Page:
Human beings constitute an embodied consciousness. Our sensory capacities function in a highly integrated manner; our experience of a visual image may in fact be tactile, auditory, or some other combination of the five senses. Our most memorable and meaningful experiences are those
that impress multiple sensory modes: touch, sound, smell, taste, as well as vision. The process of transforming these essentially private sensory experiences into forms that can be shared with others is the essence of communication. Therefore truly effective communication requires careful
attention to the felt qualities of an experience; both the physically and emotionally perceived. This paper seeks to explore why designers need to become experts in shared experience rather than simply producers of visual commodities or visual problem-solvers. Does a client need a new logo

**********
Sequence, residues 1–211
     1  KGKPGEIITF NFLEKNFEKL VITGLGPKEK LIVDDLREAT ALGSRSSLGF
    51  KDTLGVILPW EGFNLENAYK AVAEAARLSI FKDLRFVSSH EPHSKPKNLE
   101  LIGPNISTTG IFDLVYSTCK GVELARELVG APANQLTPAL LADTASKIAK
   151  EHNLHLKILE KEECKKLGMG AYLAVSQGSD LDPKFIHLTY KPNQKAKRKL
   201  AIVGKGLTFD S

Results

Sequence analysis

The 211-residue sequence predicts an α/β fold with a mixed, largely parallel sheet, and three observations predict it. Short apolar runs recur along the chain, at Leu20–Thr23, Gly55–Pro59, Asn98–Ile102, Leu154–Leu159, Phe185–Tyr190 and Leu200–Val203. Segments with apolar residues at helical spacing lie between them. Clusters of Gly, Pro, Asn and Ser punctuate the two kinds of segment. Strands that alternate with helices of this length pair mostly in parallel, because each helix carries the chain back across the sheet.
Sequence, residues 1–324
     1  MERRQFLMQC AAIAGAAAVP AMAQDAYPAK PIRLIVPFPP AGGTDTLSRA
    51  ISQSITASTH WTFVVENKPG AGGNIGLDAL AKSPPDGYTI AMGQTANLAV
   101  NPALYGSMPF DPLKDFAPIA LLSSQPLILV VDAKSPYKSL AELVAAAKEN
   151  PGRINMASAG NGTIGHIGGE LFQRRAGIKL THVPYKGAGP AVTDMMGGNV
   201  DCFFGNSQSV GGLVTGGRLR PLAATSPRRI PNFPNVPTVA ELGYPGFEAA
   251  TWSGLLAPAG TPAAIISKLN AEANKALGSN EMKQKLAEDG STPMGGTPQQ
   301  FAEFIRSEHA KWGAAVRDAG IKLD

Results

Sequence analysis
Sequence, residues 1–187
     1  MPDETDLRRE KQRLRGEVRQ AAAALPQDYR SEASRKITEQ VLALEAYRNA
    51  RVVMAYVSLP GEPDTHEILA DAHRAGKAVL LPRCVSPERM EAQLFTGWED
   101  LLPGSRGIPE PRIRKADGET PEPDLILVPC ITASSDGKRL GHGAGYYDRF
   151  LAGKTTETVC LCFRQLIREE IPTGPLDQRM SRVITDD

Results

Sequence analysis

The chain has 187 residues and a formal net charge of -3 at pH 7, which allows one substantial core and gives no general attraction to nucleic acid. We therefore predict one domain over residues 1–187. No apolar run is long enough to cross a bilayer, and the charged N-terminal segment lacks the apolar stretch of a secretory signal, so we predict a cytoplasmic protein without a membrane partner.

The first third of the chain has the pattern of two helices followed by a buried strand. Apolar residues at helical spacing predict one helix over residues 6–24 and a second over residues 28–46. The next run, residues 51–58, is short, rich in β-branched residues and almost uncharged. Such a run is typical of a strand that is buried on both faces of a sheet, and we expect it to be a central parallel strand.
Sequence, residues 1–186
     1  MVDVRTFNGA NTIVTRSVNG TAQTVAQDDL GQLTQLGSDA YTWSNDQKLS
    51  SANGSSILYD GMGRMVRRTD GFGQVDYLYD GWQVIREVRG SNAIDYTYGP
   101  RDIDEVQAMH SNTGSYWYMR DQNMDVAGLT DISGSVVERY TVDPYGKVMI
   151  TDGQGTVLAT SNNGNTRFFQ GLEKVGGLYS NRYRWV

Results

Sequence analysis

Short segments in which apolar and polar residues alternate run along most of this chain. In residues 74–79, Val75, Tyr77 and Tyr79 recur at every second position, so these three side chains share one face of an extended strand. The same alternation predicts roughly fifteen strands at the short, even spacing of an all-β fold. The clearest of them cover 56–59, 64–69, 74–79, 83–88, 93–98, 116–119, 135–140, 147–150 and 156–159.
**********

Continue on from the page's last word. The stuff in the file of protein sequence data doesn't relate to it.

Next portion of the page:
to sell more product, or in fact does the user need a more emotionally satisfying experience to share with others?
How can art, design and communication aid teaching? Do these teaching methods work better in certain fields of study? Focusing on arts and media-based subjects, and encompassing all areas of higher education, this journal reveals the potential value of new educational styles and creative teaching methods.